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    Yes. The last point: if somebody tells you to back off, back off, right away. – O. Jones Jun 14 at 14:26
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Standards about sexual harassment in the US are actually very simple. Is the behavior in question something that would be ok in your workplace when the action is towards a man? Are men and women treated equally? Do you ask for consent before touching anyone?

For example: do you pat men on the back and is that commonly done by others in the workplace? If you ask and the person is good with pats on the back? Then treat women the same. Ask before touching both men and women. But if men don't get pats on their backs, hugs, comments about their appearance, doors held open for them, or any other action, then again, treat women the same. If people in your office generally don't ask co-workers for dates, or you're not willing to ask both male and female co-workers for dates, then just don't. If you refer to your male co-workers as 'men', then refer to your female co-workers as 'women', not 'girls'. Keep your language equal too. If your religion forbids you to touch a woman co-worker, so that you can't shake hands, then don't shake hands with men either.

It is always ok to ask for consent first, for both men and women: "Do you need help with that package?" "Would you like me to open the door?" And then, act accordingly. Always ask for consent before pats on the back, hugs, or other touching. If you're in a position of power, don't touch at all, because consent may be given but it's not always clear that it is freely given.

This concept works for more than just men and women. It also works for people of different races, sexual orientation, religions. If you are treating everyone with equal consideration, then you should be fine.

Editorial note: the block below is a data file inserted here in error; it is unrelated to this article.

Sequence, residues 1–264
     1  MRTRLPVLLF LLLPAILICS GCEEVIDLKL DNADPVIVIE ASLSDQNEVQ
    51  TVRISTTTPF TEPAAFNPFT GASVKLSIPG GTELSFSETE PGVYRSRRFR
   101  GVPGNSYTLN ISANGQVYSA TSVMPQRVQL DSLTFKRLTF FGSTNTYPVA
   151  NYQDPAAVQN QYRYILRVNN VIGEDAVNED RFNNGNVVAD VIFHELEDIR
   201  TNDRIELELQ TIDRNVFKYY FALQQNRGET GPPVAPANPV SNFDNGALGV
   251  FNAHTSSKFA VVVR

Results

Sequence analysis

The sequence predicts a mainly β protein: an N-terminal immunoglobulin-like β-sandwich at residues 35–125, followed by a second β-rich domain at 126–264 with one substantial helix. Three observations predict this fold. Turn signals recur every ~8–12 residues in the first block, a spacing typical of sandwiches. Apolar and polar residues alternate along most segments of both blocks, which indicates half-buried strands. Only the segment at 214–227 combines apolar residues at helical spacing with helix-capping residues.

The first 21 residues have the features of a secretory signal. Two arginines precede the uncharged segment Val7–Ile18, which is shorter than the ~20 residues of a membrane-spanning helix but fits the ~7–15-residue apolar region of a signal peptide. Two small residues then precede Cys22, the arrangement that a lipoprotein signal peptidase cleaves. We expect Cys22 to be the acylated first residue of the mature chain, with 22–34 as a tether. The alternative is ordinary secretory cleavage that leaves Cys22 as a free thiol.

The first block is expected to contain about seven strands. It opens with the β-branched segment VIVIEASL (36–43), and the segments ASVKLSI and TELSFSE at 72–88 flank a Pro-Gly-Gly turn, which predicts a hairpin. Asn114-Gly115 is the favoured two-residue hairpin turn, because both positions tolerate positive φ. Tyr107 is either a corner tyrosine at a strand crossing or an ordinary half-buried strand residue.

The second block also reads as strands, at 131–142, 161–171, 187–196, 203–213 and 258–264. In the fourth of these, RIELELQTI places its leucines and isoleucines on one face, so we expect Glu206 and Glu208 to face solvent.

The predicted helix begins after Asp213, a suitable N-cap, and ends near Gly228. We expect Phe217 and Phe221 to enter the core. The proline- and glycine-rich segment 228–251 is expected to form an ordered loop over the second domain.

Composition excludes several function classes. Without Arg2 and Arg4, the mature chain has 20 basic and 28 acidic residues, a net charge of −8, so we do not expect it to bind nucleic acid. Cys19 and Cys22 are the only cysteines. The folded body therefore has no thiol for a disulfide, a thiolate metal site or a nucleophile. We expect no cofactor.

As for national standards, the EEOC gives guidelines - don't discriminate by treating women differently from men:

The U.S. Equal Employment Opportunity Commission (EEOC) is responsible for enforcing federal laws that make it illegal to discriminate against a job applicant or an employee because of the person's race, color, religion, sex (including pregnancy, gender identity, and sexual orientation), national origin, age (40 or older), disability or genetic information. It is also illegal to discriminate against a person because the person complained about discrimination, filed a charge of discrimination, or participated in an employment discrimination investigation or lawsuit.

If you are professional and treat your co-workers as co-workers instead of women, men, or any other category, you'll be fine.

  • This is actually not quite that simple. It still depends on individual boundaries involved, which can deviate greatly from gender stereotypes. I think Workplace.SE needs to some extent to improve upon its respect for those who do not fit such stereotypes. Some employees CAN be very sensitive about touch, taking innocently-intended pats on the back as sexually uncomfortable and possibly harassment, and I really, morally think that such "sensitive" boundaries particularly with touch need to be respected for everyone, regardless of gender! Hence my honest question about whether this is SH. – GuitarHeroAndDancer9001 Jun 14 at 6:05
  • I don't think asking a coworker for a date while in the office is OK whatever the sex of the persons concerned, or constellation thereof. – RedSonja Jun 14 at 12:24
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    @GuitarHeroAndDancer9001, it is that simple. Yes, some people are uncomfortable being touched. So just don't do it unless you are absolutely certain that person will be ok with it. If you don't know, don't do it. It's that easy. – Seth R Jun 14 at 14:36
  • "Asking a coworker to date" is such a vague scenario, it's meaningless without a lot of context. If you're a manager and you've hired a new employee who you have zero relationship with, yes, blindly asking them to date is pretty clearly a bad idea and would almost certainly pass the "reasonable person" test for sexual harassment. But, dating someone who happens to also work for your employer, and with whom you have no workplace relationship involving authority or conflicts of interest, isn't inherently bad. – dwizum Jun 14 at 14:36
  • This answer ignores the possibility of the case of the bisexual manager who sexually harasses regardless of gender. For most people, it's a good answer, so I've given it a +1, but it could be improved. – Ed Grimm Jun 15 at 1:10